“Through research, students are exposed to characteristics of a virus, disease or disorder they may never have considered,” Carpenter said. “This exposure brings about an awareness of not only the physical structure of these conditions, but also the treatments, policies, social constructs and politics that surround them as well.”

For more information on the free, public event, contact Carpenter at brian.carpenter@utoledo.edu.

Retired Rocket radio announcer to be honored by Toledo City Council April 26

Mark Beier, the longtime radio play-by-play voice of Toledo Rockets football and men’s basketball who announced his retirement in March, will be honored by the Toledo City Council Tuesday, April 26, at 4 p.m.

The council will present a resolution recognizing his contributions to UT in his 21 years as the “Voice of the Rockets.”

Beier

Beier

In addition to calling play-by-play for the Rockets, Beier also hosted the “UT Coach’s Show” for football and men’s basketball on the Rocket Radio Network since 1995. He also hosted “Rocket Replay,” a 30-minute coach’s highlight television show from 1995 to 2001. He is the voice of “The Rocket Insider,” a 90-second news vignette that runs on WTVG-TV, and has served as emcee for countless football, basketball and Varsity ‘T’ Hall of Fame banquets.

In 2014, Beier was honored by the Varsity ‘T’ Club with the Distinguished Service Award for his efforts on behalf of the Rockets.

Beier is perhaps best known for his trademark call, “Touchdown R-r-r-r-r-r-r-rockets!” He began his journey with UT in the 1995 football season, a year that saw star running back Wasean Tait power the Rockets to an 11-0-1 season and a victory in the Las Vegas Bowl. A year later, he also assumed the play-by-play role for men’s basketball.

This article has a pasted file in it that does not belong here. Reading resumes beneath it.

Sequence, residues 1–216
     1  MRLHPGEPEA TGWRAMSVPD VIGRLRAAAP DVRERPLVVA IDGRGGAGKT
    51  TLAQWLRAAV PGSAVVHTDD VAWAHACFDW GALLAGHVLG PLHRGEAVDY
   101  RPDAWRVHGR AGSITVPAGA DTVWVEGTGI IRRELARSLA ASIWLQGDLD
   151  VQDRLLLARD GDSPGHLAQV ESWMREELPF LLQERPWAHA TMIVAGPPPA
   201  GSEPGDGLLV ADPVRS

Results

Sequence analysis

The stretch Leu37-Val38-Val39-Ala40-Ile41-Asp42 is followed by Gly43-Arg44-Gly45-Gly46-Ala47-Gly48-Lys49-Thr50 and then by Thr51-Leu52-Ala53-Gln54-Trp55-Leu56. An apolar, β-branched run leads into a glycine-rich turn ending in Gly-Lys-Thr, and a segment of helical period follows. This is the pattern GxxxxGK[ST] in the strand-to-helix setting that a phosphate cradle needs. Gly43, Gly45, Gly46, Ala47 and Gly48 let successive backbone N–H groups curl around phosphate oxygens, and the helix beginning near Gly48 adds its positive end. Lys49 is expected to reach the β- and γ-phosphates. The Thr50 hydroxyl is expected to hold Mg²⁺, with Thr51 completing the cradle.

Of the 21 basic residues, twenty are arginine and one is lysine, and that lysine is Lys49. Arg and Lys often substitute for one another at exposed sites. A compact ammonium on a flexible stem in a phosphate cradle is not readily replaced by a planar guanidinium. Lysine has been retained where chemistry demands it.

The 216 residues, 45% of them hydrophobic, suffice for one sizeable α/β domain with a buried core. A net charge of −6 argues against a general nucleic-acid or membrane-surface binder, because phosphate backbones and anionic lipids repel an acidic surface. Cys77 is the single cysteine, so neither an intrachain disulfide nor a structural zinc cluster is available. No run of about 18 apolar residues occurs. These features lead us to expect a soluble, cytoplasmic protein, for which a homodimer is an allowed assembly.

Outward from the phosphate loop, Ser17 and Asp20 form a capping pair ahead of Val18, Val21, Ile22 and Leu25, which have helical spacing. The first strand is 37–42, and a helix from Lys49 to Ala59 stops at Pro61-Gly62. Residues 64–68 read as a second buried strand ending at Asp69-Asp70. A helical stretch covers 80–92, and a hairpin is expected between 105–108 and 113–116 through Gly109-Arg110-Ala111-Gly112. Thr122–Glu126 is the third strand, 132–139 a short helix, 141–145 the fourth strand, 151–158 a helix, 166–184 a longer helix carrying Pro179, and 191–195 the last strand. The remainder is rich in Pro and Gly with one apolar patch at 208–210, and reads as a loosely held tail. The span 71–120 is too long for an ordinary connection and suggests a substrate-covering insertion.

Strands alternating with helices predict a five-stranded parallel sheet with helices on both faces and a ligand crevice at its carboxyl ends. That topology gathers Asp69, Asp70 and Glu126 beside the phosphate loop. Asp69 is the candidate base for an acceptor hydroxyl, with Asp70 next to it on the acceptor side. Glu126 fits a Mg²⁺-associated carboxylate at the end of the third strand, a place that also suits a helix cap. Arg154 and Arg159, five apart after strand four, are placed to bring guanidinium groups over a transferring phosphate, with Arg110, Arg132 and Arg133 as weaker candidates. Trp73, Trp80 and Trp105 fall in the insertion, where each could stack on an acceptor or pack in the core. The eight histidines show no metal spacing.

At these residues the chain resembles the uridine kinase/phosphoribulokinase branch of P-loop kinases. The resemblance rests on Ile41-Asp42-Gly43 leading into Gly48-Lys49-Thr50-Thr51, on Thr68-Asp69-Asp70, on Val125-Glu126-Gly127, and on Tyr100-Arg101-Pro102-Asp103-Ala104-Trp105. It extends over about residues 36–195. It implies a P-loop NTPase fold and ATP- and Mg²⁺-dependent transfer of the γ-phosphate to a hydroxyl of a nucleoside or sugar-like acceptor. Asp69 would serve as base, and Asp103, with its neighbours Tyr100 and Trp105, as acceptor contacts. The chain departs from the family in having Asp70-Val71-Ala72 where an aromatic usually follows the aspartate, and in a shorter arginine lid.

Over the years, Beier called the action for 252 UT football games and 607 men’s basketball games.

UT offering free health coaching to breast cancer survivors

The University of Toledo Center for Health and Successful Living is inviting breast cancer survivors to sign up for free health coaching.

Enrollment in the six-month, personalized program will begin May 1 and end Nov. 30.

center for health and successful livingThe goal is to equip and empower survivors to take control of their nutrition, fitness and mental health in order to live longer, happier lives.

“Cancer survivors are a vulnerable population,” said Dr. Amy Thompson, health education professor and co-director of the Center for Health and Successful Living. “They are at risk for a recurrence of cancer, as well as the development of other metabolic and mental health disorders. One-on-one coaching will help improve their health and well-being.”

A portion of a more than $50,000 grant from Susan G. Komen of Northwest Ohio will fund the personalized health coaching at UT for 30 people. The coaches will serve as mentors and guide the survivors on their path to better health.

“This will help the survivors enjoy a better quality of life and reduce the chance of recurrence of cancer,” Thompson said. “Modifications like diet and exercise are recommended to ensure a disease-free survival. This kind of coaching has proven to be an effective model for prevention and sustaining a lifestyle change.”

To enroll, call the Center for Health and Successful Living at 419.530.5199.